Meanwhile, every healthy protest during the communist period was against the leadership role of the PZPR and the dictatorship of the proletariat, that is, against the takeover of the state and social life /institutions, organizations, associations, including youth/ by guys and women with "red cards." 

So the strange focus on the history of the Communist Party and its factions obscures the proper history of March '68: the cities, the people, the organizers, the number of interrogations, arrests, expulsions, etc. Well, and the main goal: to show a yellow card to the communist censors and defend the striking and protesting students.     

The abstract and unscientific consideration of the "leadership role of the party" and its factions leads to alienation of the observer of events: as if "Dziady" in the Warsaw theater had not really been taken off the billboard, Staszek Pyjas was killed in Cracow, in December 1970 the brawl was not provoked by introducing raises before Christmas, and at the latest in March 1980 it was not known from leaks that the debt of the People's Republic of Poland to Western banks amounted to $20 billion.

It was as if the PZPR party had some philosopher's stone of knowledge about nature and society. There was no such stone, there were constant shortages of toilet paper, queues, censorship of song lyrics, press, theatrical performances and even stupid invitations to any conference in any organization. What today is printed on a computer printer in any quantity.   

The 21st Century: The Civilization of Mr. Smartphone and the 1960s: The Youth Revolution

The essential thing, in fact, the methodology of writing texts about those times is to note the differences in civilization.

Today we live in a world of global information and the Internet, where mail to the United States goes in seconds. 50 years ago, such mail would go a month if sent by sea via MS "Batory" or more than a week if sent by regular mail. Television received full coverage in Przemyśl only in the late 1960s and early 1970s after the construction of a television tower near Tatarska Gora, so the events of those years were rarely documented by anyone unless he had a knack for photography. Or he was a journalist. Therefore, relying on one's own memory is very unreliable. And I write this with full knowledge, having written several thousand articles, mentions, posts, notes, in the printed press and on the Internet. Memory is unreliable, so one should rely only on certain data that others involved in the event can easily verify, sometimes correct, add additions from themselves.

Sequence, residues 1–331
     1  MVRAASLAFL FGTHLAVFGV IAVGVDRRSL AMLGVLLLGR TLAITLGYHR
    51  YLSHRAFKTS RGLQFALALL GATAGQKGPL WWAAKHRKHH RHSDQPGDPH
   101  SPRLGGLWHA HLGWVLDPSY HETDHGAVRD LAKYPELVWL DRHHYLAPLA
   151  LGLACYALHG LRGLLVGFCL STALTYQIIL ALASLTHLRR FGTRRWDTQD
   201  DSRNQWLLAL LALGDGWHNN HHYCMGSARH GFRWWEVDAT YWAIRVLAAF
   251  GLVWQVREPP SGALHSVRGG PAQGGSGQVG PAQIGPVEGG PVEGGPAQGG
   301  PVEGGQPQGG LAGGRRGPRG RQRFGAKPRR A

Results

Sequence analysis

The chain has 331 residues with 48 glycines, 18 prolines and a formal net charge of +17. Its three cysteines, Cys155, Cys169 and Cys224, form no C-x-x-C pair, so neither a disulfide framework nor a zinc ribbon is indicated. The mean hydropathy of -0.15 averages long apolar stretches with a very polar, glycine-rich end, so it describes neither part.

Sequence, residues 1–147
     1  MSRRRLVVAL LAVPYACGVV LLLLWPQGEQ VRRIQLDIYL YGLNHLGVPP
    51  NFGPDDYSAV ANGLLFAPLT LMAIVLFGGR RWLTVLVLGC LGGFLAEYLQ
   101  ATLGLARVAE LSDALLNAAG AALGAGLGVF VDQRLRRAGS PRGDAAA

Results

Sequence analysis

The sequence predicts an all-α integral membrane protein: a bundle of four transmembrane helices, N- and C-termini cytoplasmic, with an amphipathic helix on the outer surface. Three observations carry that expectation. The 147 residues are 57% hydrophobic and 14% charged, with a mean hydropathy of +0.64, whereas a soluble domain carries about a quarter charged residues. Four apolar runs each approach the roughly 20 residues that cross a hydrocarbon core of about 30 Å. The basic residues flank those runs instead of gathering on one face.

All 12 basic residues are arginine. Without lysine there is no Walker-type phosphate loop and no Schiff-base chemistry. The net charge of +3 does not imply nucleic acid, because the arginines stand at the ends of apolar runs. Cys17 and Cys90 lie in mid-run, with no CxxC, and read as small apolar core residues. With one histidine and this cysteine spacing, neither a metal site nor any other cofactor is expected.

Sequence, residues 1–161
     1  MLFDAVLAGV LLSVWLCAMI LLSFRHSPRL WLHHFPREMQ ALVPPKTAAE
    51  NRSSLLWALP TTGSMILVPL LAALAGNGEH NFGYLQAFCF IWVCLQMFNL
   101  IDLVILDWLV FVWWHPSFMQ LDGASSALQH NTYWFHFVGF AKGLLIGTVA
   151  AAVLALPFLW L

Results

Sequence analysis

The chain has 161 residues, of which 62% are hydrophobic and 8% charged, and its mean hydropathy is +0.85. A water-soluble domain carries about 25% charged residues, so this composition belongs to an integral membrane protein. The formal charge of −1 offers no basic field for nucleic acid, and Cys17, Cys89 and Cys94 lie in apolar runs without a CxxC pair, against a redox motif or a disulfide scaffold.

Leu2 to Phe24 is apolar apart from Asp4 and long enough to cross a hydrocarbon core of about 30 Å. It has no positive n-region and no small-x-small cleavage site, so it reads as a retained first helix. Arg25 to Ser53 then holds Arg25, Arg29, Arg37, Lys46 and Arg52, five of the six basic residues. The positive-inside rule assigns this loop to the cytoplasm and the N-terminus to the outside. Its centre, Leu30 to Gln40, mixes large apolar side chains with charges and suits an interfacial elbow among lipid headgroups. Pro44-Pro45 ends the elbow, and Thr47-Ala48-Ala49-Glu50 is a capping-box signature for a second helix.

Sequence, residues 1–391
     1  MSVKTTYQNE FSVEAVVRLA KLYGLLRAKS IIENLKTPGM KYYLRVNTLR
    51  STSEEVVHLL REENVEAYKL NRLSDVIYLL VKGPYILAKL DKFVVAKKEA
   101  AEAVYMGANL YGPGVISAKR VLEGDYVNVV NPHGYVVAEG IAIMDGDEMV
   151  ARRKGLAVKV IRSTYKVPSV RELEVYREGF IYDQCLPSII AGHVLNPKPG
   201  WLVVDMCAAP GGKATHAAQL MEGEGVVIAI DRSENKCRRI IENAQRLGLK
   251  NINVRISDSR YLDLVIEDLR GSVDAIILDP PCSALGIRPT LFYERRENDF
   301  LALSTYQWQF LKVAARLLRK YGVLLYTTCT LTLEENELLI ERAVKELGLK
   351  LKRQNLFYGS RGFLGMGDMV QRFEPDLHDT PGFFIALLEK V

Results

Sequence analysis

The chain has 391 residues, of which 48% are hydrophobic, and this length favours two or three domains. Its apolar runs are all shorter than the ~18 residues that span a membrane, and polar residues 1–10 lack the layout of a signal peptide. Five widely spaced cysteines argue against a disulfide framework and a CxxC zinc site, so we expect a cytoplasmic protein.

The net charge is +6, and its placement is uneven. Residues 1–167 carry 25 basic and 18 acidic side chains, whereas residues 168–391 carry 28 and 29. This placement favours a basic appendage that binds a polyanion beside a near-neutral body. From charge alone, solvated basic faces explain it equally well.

It is also beyond comprehension why it was not until 2008, almost two decades after independence, that the central commemoration of March '68 was organized. However, this fact is beyond the reach of this portal, its organizers and its participants. However, thanks to the Rzeszow IPN, we already have general data about the course of March '68 in Przemysl. Dry because dry, small because small, but they supplement our memory of those days and correct our opinion.

As for March in Przemysl, it should be noted that it was a spontaneous action, improvised, youthful, opposition of a cultural, civilizational nature. The support of Warsaw students protesting against censorship. Nothing more. It was not a political action by adults, prepared organizationally with the requirement of photographic and other documentation, calculated for political gain, political applause or to make a name for themselves in society.

March 1968, Przemyśl: on Kazimierzowska Street Zenek Zegar approaches me and... 

He says: "Andrew, why don't you organize some form of protest?". That was more or less the conversation.